Persons in mining, logging, farming, tourism and other hinterland residents should benefit from the upgraded airstrips and their infrastructural works.
Alphonso Mangah, Aerodromes Inspector addressing the Ministry of Public Infrastructure’s year-end 2016 press conference
This year, the government will be spending $60.7M for maintenance of the 50 airstrips. This was announced by Aerodromes Inspector, Alphonso Mangah at the Ministry of Public Infrastructure’s year-end review press conference on Wednesday, at Transport and Harbours Ground, Thomas lands, Georgetown.
A total of $170.0M is to be spent on the rehabilitation of three out of the 50 airstrips; Baramita, Region 1 at an estimated cost of $80.0M, Ekereku Bottom, Region 7 estimated to cost $40.0 M and Chi Chi (West) Region 7, to cost approximately $50.0 M.
These three airstrips were chosen based on specific criteria. “Number of flights over the past 10 years, aviation safety for aircraft operations and taking into consideration the number of beneficiaries,” Mangah explained.
In Guyana there are 57 licenced Government airstrips. Last year 47 were “maintained by the aerodrome department of the Ministry. The remaining 11 airstrips are being maintained by the villagers in their respective location, however inspections are carried out on a regular basis to ensure that they comply with standards outlined by the Guyana Civil Aviation Authority,” Mangah explained.
Mangah explained that in 2016, “the budget allocated for the 47 airstrips was $56.6M. Expenditure as at December 31, 2016 was 100%.”
Considerable repair and maintenance were done to the following airstrips:
Summary of Maintenance
Port Kaituma Airstrip
Anna Regina Airstrip
Ekereku Bottom Airstrip
To date, the contract for rehabilitation of the nine airstrips was awarded and the contractor has received mobilization advances to commence works. Two of the airstrips have been completed and are in the defects liability period. The others are slated to be completed by June 2017, the Aerodromes Inspector said.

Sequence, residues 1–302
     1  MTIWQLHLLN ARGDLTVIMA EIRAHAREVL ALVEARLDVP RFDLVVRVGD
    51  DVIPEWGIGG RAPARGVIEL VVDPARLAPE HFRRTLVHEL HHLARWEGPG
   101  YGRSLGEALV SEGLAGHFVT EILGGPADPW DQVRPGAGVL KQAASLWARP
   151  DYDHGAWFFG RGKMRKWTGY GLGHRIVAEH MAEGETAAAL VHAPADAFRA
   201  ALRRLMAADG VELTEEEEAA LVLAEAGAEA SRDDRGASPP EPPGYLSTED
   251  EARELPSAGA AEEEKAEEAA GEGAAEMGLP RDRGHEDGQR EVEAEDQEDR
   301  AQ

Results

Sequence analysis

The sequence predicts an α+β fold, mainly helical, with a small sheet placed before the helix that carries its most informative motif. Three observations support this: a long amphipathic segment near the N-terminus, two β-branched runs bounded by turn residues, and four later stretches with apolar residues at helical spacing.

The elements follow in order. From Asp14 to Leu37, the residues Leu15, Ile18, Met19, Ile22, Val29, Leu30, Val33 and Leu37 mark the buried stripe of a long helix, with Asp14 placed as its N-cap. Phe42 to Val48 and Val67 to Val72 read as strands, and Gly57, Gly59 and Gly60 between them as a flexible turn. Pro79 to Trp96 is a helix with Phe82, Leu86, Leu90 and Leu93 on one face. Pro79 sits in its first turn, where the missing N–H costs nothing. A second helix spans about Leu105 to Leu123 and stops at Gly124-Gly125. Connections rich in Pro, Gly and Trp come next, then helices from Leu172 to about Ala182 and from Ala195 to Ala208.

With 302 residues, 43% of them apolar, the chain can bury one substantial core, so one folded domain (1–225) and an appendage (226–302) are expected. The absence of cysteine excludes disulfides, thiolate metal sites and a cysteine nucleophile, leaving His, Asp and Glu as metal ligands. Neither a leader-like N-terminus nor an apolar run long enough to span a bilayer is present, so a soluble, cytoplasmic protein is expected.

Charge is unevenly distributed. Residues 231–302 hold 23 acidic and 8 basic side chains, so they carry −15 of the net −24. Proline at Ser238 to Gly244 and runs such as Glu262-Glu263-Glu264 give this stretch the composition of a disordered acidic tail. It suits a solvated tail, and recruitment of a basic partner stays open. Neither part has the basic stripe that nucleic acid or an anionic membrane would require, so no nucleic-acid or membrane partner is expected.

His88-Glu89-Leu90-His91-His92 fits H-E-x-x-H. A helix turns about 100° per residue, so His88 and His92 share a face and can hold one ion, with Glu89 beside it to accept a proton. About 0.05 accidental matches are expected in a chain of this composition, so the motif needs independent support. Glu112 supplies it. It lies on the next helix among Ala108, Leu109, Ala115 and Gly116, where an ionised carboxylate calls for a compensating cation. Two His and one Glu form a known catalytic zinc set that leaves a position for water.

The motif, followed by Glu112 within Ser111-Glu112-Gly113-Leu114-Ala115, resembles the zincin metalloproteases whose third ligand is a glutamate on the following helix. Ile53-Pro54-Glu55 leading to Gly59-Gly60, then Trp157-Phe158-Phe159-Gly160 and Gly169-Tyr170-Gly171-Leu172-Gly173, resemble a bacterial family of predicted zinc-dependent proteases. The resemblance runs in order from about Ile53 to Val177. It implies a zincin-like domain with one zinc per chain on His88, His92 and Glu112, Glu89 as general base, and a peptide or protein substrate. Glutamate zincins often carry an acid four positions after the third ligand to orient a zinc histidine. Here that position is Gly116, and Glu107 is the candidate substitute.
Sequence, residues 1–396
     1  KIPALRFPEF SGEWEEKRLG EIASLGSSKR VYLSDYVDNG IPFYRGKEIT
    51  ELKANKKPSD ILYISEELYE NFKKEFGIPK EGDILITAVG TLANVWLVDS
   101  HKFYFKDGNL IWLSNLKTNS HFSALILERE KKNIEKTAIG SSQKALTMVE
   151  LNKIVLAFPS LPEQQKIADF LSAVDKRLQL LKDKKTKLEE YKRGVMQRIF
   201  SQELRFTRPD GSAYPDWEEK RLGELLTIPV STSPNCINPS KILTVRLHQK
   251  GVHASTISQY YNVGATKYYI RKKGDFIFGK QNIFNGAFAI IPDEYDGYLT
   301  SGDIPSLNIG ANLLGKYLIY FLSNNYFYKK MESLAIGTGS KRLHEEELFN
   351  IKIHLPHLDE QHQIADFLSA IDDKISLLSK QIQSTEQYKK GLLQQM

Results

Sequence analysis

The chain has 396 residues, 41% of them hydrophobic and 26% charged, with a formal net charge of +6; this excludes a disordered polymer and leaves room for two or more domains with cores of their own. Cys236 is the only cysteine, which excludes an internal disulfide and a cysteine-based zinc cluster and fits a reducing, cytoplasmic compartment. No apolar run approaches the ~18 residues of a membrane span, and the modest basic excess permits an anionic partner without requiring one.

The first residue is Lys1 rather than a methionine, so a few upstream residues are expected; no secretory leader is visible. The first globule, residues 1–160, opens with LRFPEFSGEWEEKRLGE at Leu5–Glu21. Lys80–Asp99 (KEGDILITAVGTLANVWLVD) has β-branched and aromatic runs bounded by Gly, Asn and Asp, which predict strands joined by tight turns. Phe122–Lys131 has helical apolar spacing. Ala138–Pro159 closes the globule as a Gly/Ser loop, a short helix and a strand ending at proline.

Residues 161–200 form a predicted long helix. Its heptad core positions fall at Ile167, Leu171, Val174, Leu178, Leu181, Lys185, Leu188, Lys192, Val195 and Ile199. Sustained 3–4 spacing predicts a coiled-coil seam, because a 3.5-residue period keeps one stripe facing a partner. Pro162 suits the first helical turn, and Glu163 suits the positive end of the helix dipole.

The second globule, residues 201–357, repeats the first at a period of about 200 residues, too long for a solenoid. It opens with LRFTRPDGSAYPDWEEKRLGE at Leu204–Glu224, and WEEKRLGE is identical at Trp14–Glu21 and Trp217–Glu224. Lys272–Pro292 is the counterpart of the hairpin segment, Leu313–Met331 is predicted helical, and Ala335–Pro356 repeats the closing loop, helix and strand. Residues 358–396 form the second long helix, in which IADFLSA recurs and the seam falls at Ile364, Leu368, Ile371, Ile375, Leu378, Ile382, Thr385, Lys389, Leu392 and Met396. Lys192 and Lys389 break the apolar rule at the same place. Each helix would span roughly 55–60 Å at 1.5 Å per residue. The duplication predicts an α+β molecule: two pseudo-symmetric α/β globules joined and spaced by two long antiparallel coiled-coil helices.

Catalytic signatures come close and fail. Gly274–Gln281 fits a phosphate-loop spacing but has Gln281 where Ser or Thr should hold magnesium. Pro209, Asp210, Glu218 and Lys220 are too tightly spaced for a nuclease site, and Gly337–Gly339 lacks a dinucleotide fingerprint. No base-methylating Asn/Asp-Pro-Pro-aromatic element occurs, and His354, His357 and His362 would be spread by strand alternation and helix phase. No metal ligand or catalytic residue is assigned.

Meanwhile the Guyana Civil Aviation Authority’s (GCAA) Director, Egbert Field stated that the air navigation sector is looking at developing the charts for Ogle and the Timehri airport approaches. Field said that, “works have begun ….to be completed by late 2017,” to make landing and takeoff of planes much safer.
The GCAA Director said that 2017 plans include:
– Completion of the Automatic Dependent Surveillance-Broadcast (ADS-B) project.
– More training of personnel
– Certification of Air Navigation School
– The commencement of building the new headquarters. (The GCAA has been housed in rented buildings for years)
-Acquisition of an air navigation state of the art simulator
-Installation of distance measuring equipment at Ogle to help guide air craft better
Field explained that the Air Navigation School is “to better training, it will greatly enhance the transition of air traffic controllers from the classroom to the actual event.” The simulator has been paid for and is expected to be in Guyana within the next few months.
Speaking on works planned for 2017, Field said, “These projects are not small projects, they entail a lot of work, a lot of preparation…with
The Guyana Civil Aviation Authority’s ( GCAA) Director, Egbert Field addressing the Ministry of Public Infrastructure’s year-end press conference
Government’s great help and support…..it will be successful.”
The Director expressed his gratitude for the Ministry’s (Public Infrastructure) support throughout the year, and claimed 2016 was, “A very safe and productive year.” He said “One of our greatest challenges was preparation for the audit by the International Civil Aviation Authority,” from which Guyana came out successful. “We were able to elevate ourselves when we completed that audit by moving from 42.24 percent compliance to 64.66 percent compliance,” stated the Director.
Last year much personnel training was conducted. “Training of our staff which was needed as a result of our audit showed …and I must say a lot of our staff were properly qualified with their initial training and also their on the job training,” the Director explained. Examinations have been computerised for pilots and air traffic controllers, and the GCAA is currently working on having engineers’ tests computerised.
Additionally, the study of the economic impact of air transport on the economy of Guyana began in 2016.
The year 2016 also saw the addition of three new airlines: FlyAlways out of Suriname, Easy Skies from Honduras and Eastern Airlines from the United States.